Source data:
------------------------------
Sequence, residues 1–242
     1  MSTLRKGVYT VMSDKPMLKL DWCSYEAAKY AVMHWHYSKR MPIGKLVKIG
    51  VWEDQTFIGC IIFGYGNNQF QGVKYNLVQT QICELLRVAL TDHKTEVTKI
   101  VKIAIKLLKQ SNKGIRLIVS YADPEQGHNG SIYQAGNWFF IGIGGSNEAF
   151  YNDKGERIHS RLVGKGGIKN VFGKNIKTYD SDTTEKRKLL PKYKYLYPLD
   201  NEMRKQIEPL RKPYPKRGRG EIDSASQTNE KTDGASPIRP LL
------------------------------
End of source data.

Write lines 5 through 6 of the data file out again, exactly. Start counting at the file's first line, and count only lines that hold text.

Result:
   151  YNDKGERIHS RLVGKGGIKN VFGKNIKTYD SDTTEKRKLL PKYKYLYPLD
   201  NEMRKQIEPL RKPYPKRGRG EIDSASQTNE KTDGASPIRP LL